Puppy Awareness

We all love puppies and it is always an exciting time when we are looking for one. But there are a few things to consider that are extremely important. From 26th August to the 1st September there is a week dedicating to the education of where is the best place to buy a puppy. Sadly, to this day, people are still seeking puppy farms and pet stores to buy their canine friends sometimes unknowingly.

What exactly is a puppy farm?

 Puppy farms are places where people breed dogs, sometimes a whole range of different breeds repeatedly giving the dogs no breaks. This is extremely detrimental to their health as they don’t have enough time to recover between litters, given very little space to move around, and usually in very dirty and unhygienic conditions. The puppies are also taken from the mother too early and transported around with some being too weak to survive the travel. It is also very hard to figure out what the puppy’s future temperament will be like as either the mum will not be there or there will be a ‘fake’ mum just to fool the potential buyer. Pet stores and puppies brought online such as pets4homes should be discouraged as they are most likely could be fuelling the puppy farming trade. Saying all that, they will have a higher risk of showing not only physical problems but behavioural problems as well. 

But how can we tell if it is a puppy farm? 

 Most important thing is to ask lots of questions, be vigilant and do your research! 

Some points to consider:

  •  If they are a little hesitant or don’t know how to answer any of your questions, then they might be hiding something. 

  • Observe the puppies with the mum. That is a must! If the mum seems uninterested in them, she is probably a ‘fake’ mum.

  • Ask to see all the paperwork on the health tests for the parent dog and the healthcare record for the puppies while it is in their care. All good breeders will provide this! 

  •  A good breeder will ask you a lot of questions as well to see if their puppy will go to a good home and they will never allow you to bring home a puppy on your first visit.

  •  If you are not entirely happy, don’t feel bad to walk out. You are not rescuing it. You are just making the bad breeding practice worse.

So, what can we do that would be better?

 First, you can look on Champdogs, which is a website showing all the good practice breeders and also have a look on the Kennel Club website on their Assured Breeders Scheme. These breeders all have to be accredited to a high level with proper health tests and regular assessment on how they operate to make sure the dogs’ welfare are at their core. So, the puppies will come out as healthy and mentally strong as they can be ready to take on the real world!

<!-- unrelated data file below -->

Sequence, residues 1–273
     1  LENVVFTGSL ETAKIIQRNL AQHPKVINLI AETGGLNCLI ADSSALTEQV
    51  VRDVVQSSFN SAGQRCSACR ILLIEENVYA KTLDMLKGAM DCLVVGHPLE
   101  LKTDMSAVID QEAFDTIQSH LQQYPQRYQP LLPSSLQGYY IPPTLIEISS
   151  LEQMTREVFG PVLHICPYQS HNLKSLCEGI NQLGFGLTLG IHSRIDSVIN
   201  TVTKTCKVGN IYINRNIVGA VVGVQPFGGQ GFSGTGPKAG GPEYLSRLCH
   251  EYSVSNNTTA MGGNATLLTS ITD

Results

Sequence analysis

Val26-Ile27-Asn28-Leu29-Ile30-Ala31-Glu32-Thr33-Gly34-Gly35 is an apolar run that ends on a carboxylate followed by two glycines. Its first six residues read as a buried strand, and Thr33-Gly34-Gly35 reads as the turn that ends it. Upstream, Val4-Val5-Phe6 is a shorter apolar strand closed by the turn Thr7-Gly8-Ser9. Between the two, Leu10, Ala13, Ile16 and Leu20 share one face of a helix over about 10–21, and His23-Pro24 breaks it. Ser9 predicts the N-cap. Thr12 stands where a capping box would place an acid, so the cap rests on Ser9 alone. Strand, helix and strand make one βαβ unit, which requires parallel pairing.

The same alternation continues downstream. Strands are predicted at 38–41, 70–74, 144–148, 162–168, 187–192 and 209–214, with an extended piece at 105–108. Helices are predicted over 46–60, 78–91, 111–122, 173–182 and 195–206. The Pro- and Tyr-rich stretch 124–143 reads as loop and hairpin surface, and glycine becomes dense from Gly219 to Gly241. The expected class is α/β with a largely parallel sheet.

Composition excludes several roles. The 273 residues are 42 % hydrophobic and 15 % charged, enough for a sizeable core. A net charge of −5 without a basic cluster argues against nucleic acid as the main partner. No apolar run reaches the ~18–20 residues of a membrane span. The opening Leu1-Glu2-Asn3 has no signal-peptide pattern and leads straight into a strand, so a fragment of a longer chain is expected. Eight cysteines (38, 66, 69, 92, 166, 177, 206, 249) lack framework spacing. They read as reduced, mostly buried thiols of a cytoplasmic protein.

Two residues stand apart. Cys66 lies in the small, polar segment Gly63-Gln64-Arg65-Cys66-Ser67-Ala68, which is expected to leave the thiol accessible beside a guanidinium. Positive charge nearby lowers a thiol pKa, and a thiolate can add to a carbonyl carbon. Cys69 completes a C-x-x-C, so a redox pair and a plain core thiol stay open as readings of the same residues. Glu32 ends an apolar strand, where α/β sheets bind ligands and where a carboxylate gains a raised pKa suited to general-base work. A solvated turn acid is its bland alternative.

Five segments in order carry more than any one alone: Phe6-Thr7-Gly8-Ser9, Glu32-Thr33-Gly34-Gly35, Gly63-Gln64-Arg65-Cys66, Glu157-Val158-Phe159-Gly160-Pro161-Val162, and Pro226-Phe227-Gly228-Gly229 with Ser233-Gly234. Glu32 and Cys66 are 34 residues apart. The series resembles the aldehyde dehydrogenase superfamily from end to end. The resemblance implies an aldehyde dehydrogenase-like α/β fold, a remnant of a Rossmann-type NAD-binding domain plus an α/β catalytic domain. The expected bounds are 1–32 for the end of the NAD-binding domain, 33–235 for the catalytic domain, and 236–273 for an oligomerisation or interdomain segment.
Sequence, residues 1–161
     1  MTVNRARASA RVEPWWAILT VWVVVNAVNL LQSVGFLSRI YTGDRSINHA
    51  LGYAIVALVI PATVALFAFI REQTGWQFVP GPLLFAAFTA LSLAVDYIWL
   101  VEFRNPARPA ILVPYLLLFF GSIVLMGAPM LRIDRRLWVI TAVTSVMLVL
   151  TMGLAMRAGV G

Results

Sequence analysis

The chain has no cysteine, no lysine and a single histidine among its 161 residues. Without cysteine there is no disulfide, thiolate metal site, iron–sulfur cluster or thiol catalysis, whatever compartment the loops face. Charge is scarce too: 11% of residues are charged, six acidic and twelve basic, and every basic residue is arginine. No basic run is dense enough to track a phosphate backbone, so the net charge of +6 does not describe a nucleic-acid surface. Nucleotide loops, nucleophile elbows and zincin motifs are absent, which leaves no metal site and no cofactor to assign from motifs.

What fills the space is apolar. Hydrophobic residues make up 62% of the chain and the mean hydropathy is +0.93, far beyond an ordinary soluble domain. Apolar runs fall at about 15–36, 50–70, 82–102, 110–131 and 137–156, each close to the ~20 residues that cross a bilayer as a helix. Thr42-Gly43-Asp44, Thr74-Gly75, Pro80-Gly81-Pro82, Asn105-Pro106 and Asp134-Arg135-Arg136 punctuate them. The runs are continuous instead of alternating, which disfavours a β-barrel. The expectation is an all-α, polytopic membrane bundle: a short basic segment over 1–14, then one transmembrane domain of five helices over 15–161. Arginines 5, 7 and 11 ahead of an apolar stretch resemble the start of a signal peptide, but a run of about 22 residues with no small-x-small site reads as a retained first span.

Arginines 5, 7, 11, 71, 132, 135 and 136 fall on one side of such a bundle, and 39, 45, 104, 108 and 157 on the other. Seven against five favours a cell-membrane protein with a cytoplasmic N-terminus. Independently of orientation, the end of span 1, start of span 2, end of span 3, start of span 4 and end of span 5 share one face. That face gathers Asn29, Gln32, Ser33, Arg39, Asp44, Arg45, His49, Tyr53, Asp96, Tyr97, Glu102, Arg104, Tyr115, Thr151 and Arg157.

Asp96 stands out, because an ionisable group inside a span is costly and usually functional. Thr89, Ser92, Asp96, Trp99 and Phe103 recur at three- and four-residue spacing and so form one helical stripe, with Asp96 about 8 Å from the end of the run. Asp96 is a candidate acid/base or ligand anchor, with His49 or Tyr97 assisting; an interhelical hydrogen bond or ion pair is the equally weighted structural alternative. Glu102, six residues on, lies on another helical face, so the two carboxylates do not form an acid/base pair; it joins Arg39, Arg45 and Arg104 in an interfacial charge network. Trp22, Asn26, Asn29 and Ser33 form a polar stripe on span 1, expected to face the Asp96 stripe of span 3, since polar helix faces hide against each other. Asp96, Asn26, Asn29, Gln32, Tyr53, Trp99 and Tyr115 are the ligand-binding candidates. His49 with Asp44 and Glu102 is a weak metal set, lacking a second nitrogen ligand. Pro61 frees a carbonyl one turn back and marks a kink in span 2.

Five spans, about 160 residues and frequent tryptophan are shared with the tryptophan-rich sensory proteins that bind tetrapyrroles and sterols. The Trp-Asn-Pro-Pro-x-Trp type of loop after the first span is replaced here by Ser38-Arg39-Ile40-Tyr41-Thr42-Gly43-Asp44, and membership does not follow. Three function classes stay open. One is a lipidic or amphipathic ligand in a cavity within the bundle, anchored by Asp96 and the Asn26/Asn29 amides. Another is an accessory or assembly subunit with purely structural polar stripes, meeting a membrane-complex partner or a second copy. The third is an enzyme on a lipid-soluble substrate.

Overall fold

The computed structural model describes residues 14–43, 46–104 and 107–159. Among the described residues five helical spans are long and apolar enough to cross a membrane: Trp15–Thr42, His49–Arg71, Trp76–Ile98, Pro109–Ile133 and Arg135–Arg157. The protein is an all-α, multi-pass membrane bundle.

With research, it is so important I can’t emphasise strongly enough! First, research what the right breed would be best for you according to your lifestyle. So many people I see choose the wrong breed for them and have trouble handling them leading to them with a higher likelihood of being rehomed or having behavioural problems. Then comes the research into the right breeder, which is as important. For me, when I was on the hunt for my second Golden Retriever, Cody, it took me six months of research into different breeders. I was looking into the breeders’ ethos and beliefs and I found a few which I interviewed. I like breeders that are as holistic and natural as possible (raw feeding, and homeopathic). I then whittled the list down to one, which I liked so much. But she was a bit too far for me, so she recommended me my current one. That was the best find ever and so worth all the effort as Cody turned out to be such a lovely dog with a fantastic temperament. With my first Golden Retriever, Skye, I didn’t do much research, but the breeder turned out to be so good as well! But going forward I will always do research. I have very good contact with both breeders still contacting them now, which is another thing you should look out for in good breeders. A ‘bad’ breeder will not care how the dog grows and turns out, just interested in the profit.

Another way of research is you can go to breed shows to talk to exhibitors. Also, go to shows like Discover Dogs or Crufts, where they have lots of people there you can talk to! Basically talking to lots of people will help a great deal and the right people!

So, what are we waiting for! We must educate everyone what is the best way of buying and stop this bad breeding practice once and for all.

 If you have any more questions, just contact me!


Geoffrey GuComment